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Headslappers: The Small Ideas That Save Big

Some resource-saving strategies are so simple - headslappingly obvious, in fact - that one can't help but wonder why companies didn't implement them sooner. Here, in no particular order, are a few of my favorites.

One of the themes of my book "Green to Gold," and my work in general, is the idea that there are hard tradeoffs at times. The ultimate payoff, including intangible value, business relevance, and even survival if you're, say, an auto company or other energy reliant business, is large.

It's hard work to create lasting value, but sometimes win-win situation really are fairly easy to find. This issue is dedicated to those fun and clever ways companies are simultaneously saving a fortune and slashing energy and resource use. Many ideas are, in retrospect, obvious. Below are a handful of examples of these "headslappers" that I find amusing or interesting.

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Let There Be (CFL) Light

The greatest headslappers in the world usually involve lighting. The story is so common, it's important just to get it out of the way. A couple of examples: Home Depot will save $16 million a year by changing the bulbs in the lighting fixture displays in its stores - not to mention the benefit of walking the walk and demonstrating the CFL products it wants to sell. Grand Central station in New York made the change recently - only after custom-designing bulbs to fit the original style - and will save $100,000 per year.

Make Fewer Trips

Technology is allowing companies to change the way they interact. Advanced "telepresence" technologies are making videoconferencing a viable alternative to flying around. These systems are not cheap (think a quarter of a million dollars per room), but at current airfares, particularly for business travelers who have changing schedules and pay penalties often, it doesn't take long for many companies to break even (so this one breaks the low-resource-use rule, but wins on payback). Travel-intensive service businesses, like Deloitte Consulting, are embracing this obvious way to fly less.

Slow Down and Turn Off

A few companies have decided to control shipping/trucking costs with technology that keeps truckers from speeding. Schneider National, the largest truckload carrier in the U.S., is limiting its drivers to a maximum speed of 60 miles per hour to conserve fuel, and Staples has set similar rules for its distribution fleet. At first glance, restricting drivers would seem to slow down logistics. But with fewer fill-ups, total time stays the same and diesel consumption goes down - to the tune of 3.75 million gallons annually, according to Schneider. Another great logistics solution: auxiliary power units for trucks so they don't have to idle for hours to keep truckers warm or cool. (Wal-Mart says its APUs cut fuel consumption during idling by 90%.)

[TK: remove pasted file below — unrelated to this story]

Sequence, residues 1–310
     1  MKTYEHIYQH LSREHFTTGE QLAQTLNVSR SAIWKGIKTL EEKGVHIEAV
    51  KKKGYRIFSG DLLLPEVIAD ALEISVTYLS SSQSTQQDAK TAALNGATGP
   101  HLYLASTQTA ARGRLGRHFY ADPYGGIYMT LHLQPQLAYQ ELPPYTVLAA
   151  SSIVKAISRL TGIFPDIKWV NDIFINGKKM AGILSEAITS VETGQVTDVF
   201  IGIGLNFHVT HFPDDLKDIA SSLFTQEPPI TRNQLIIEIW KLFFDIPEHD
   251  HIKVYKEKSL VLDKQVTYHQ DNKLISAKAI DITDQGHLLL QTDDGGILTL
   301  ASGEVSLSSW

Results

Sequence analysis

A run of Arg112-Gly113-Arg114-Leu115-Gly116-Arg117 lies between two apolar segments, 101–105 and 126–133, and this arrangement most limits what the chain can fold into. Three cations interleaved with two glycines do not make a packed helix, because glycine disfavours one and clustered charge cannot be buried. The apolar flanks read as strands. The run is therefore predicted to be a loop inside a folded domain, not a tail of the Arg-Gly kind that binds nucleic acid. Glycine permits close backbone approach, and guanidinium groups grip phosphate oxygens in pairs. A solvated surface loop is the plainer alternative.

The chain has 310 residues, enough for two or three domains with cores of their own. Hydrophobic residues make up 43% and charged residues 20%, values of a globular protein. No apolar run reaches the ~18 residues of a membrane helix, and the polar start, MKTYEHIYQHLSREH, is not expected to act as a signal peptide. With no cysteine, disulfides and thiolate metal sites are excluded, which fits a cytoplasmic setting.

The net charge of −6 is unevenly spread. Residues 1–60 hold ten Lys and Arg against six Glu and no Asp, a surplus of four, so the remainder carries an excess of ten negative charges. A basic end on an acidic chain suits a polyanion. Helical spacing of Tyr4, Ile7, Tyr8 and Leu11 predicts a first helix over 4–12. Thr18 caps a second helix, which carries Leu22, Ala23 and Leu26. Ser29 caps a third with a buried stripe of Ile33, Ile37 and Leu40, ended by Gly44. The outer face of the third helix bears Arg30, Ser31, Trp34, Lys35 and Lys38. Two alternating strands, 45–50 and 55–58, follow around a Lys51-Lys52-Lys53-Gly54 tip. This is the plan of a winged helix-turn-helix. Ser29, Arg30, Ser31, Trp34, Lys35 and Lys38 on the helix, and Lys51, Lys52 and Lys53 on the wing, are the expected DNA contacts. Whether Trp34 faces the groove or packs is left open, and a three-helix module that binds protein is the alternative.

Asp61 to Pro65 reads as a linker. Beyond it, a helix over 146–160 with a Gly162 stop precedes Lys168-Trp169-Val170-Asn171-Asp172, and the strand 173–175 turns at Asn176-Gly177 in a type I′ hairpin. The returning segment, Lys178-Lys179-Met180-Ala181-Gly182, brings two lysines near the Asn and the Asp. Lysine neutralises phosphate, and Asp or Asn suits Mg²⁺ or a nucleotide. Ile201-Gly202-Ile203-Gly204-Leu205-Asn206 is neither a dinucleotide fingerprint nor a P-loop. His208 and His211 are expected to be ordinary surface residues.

Produce Less Gas

No, not the fuel kind. I'm talking about the methane from cattle, a very large source of greenhouse gases that equals transportation emissions. What can you do to keep cows from, ahem, expelling? Well, some food companies are trying out some new feed formulas that can enhance digestion and reduce noxious fumes by as much as 40%.

Advanced Headslappers...

Ok, to be fair, some great operational changes are not immediately obvious or quick to implement since they require some real thinking and planning. But they are simple to understand and brilliant in their creativity.

Shorten Travel Routes

Much is made of fuel efficiency, but there's plenty to be said for cutting mileage in the first place. In what's becoming a modern classic green business story, UPS stopped taking left turns to avoid idling and wasting time in traffic. Using GPS, and redesigning delivery routes to make a concentric circle to the right (to the left, one assumes, in England) is saving the company 28 million miles and 3 million gallons annually. Similarly, the aviation industry is working on better routes (more direct) and landing practices (no slowing and speeding up) to reduce fuel use by up to 15%.

Leave the Door Open

The attention on IT as a source of emissions is growing. New numbers say that server farms alone are 1.5% of U.S. emissions, and growing. Everyone is racing to reduce energy use with new products and new layouts of data centers. But one of Yahoo's big centers uses something called "outside air economization instead of mechanical cooling." In other words, they open the door and let the air in and the heat out. Intel and others have been experimenting with "fresh air cooling" as well. This example represents a larger "advanced" model of a headslapper because it actually requires putting a center in a cooler climate - not a small choice, but potentially very lucrative one.

Honorable Mentions...

...for silly and/or small ideas.

Drop Some Weight

Airlines are getting desperate. A number are reducing weight of food carts and other items to lower total weight, but Emirate Airline is actually eliminating in-flight magazines to save fuel.

Pump It Up

Logistics and shipping are obviously ripe areas for headslappers (like the no left turns). Some companies are taking some smaller actions like filling tires with nitrogen (here and here), which helps boost fuel efficiency and reduce wear by keeping tires fully inflated.


Andrew Winston is a globally recognized expert on how companies can navigate and profit from the world’s biggest environmental and social challenges. His first book, Green to Gold, sold over 100,000 copies in seven languages. Inc Magazine included Green to… [Read more about Andrew Winston]


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